Tell us about yourself
My name is Teddy Sirma and I’m 14 years old. I just completed my KCPE exams at Damascus Primary School. I am the first-born in a family of five and we live in Korogocho slums.
My father is a local pastor and my mother is a businesswoman. As a family, we help each other in overcoming life challenges and in schoolwork at the end of the day when we meet at home.
When did your passion for football begin?
It began way back in Class Three. At the time, Academy of Korogocho (Acakoro) had not been founded. I was playing in the school compound, sometimes with friends in the streets during weekends, using balls made of plastic bags.
When I heard about Acakoro recruitment in 2013, I was interested, and I got selected due to my skills. My passion got a lifeline and I have transformed into a vibrant and skillful player at the academy.
How did your parents react when they learnt about your passion?
They were delighted, and they have been supportive ever since.
Sometimes they take time out of their busy schedules to watch my matches, and these are some of the most inspiring moments in my life. Their support has given me a reason to work hard every day, both in school and in football. They were featured in a documentary on CNN about Acakoro in January 2018.
How do you balance football and school?
The two are my great focus, and I have allocated valuable time for each. I report to school every day from Monday to Friday, and to training Monday to Saturday from 4:30pm to 6:30pm. Two hours of training under one of the highly qualified football coaches at Acakoro.
Every day at the training gives me an opportunity to improve my football skills, and I always take every moment as a learning experience.
At school, I study to my level best all through the week, and after the daily training, I take an extra class provided by Acakoro at the facility.
What are some other ways the organisation has helped you become better?
It gives me an atmosphere where I can dream for big things both in school and in football. The organisation pays for my school fees, offers me free school uniforms, training kits, dinner and a tuition class, which sets me up for a bright future.
What are some ways you sharpen your gift?
Football is my gift and every day at training, I work hard to achieve my set objectives. I make sure I avail myself to the training before the rest of players, and I’m always attentive to the coach in order to learn.
I also create my own exercises at home to help perfect my skills. Again, I play with my teammates collectively and try as much as possible to learn from them.
Who are your role models in football?
My role model is Kenya national team skipper Victor Wanyama. I like to lead my team and steer hope and team spirit into them just like him. He is a good team player, which is what I like about him.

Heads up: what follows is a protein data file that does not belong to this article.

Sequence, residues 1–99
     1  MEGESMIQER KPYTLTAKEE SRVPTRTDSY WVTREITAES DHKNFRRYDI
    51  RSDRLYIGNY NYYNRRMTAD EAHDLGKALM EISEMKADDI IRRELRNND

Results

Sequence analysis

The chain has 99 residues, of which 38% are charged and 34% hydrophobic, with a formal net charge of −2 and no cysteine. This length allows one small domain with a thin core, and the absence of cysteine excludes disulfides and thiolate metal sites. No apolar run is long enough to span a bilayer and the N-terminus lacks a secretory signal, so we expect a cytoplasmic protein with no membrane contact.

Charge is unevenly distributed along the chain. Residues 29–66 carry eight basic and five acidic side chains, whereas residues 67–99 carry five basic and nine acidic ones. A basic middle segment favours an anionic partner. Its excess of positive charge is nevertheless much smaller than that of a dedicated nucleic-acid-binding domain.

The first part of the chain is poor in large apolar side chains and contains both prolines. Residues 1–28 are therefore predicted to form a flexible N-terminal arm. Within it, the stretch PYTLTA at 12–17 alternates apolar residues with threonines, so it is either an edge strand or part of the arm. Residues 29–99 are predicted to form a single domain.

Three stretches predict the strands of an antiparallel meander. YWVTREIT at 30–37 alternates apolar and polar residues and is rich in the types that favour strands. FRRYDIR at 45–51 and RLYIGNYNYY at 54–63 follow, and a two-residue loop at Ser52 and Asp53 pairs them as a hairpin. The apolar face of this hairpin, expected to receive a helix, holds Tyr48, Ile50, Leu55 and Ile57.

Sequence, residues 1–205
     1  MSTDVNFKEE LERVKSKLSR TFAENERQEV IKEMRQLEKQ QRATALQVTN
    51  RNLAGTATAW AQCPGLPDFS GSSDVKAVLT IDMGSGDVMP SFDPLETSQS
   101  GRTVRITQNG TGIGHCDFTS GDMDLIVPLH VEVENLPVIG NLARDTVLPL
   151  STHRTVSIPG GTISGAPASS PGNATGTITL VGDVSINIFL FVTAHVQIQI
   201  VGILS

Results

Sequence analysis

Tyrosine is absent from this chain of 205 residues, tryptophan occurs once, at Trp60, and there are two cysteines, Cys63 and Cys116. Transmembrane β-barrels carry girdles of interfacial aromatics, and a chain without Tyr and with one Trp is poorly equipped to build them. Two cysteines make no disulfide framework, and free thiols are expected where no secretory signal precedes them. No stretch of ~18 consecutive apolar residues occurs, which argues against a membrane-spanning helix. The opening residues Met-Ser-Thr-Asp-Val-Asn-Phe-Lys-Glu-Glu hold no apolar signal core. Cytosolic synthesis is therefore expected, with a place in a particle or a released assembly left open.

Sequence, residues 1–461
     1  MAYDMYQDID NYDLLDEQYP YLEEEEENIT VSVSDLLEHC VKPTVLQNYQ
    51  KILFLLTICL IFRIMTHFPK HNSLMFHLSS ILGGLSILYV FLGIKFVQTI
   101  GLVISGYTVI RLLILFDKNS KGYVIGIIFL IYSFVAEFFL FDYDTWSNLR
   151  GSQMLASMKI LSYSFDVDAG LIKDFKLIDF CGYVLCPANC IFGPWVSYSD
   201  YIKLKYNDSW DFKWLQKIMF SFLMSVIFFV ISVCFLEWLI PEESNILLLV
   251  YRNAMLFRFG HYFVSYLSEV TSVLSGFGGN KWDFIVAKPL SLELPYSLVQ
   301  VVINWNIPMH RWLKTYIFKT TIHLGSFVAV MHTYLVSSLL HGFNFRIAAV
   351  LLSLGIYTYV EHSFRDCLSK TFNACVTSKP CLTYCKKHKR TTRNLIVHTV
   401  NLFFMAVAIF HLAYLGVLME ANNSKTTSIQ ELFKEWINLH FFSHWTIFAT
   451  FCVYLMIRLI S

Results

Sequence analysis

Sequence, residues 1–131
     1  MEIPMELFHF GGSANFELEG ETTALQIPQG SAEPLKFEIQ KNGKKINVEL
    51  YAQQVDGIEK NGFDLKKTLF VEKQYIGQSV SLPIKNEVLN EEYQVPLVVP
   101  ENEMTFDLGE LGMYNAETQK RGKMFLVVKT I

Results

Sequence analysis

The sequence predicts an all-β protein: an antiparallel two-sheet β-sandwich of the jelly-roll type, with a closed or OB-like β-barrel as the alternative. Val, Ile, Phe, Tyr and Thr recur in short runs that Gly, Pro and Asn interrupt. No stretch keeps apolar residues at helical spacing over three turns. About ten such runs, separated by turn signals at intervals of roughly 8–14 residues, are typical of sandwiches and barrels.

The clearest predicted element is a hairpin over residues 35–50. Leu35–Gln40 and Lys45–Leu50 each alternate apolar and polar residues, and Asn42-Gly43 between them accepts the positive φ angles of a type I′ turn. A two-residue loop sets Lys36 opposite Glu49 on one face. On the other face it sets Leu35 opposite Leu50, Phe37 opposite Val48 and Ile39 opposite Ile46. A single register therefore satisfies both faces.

He has never given up hope to excel, and I find him resilient and aggressive on the pitch, both for English Premier League side Tottenham Hotspur and Harambee Stars.
What’s your favourite subject?
My favourite subject is English, in which I am fluent, because I want to interact in this language wherever I go.
In my profession as a football player, I feel comfortable conversing in English. Also, every subject except Kiswahili is offered in English.
What would you like to be when you grow up?
I would like to be a special teacher and a professional football player. I wish to extend my hand to children living with disabilities in my community. I hope that becoming a special education teacher for young children will enable me help pupils that are often looked down upon intellectually by the society excel.
I would like to become a teacher who shows them support, patience, peace and believes them, so that hopefully they will believe in themselves too and be encouraged to face whatever hardships that are ahead of them.
Where have you played football before?
In school, in the street, and in the small community teams in Korogocho slums. I have played with my team Acakoro locally and abroad, winning various matches. I am ambitious and passionate of becoming a professional player known for his hard work and commitment, and that is why I joined the academy.
Advice to other kids?
Hard work, commitment, passion and discipline can take your dreams to greater heights. Football to me is not just a sport, it is something that constantly builds up patience, perseverance and interaction skills in me, and overall pushes me to try my best and to never give up.
This advice goes to every child in Kenya. I scored a lone goal against FC Barcelona in Vienna, Austria in 2015, and this made our team win the Donau-Auen Cup, one of the most prestigious and competitive youth football tournaments in Europe. Today, Victor Wanyama and Teddy Sirma are the only Kenyan footballers to have scored against FC Barcelona.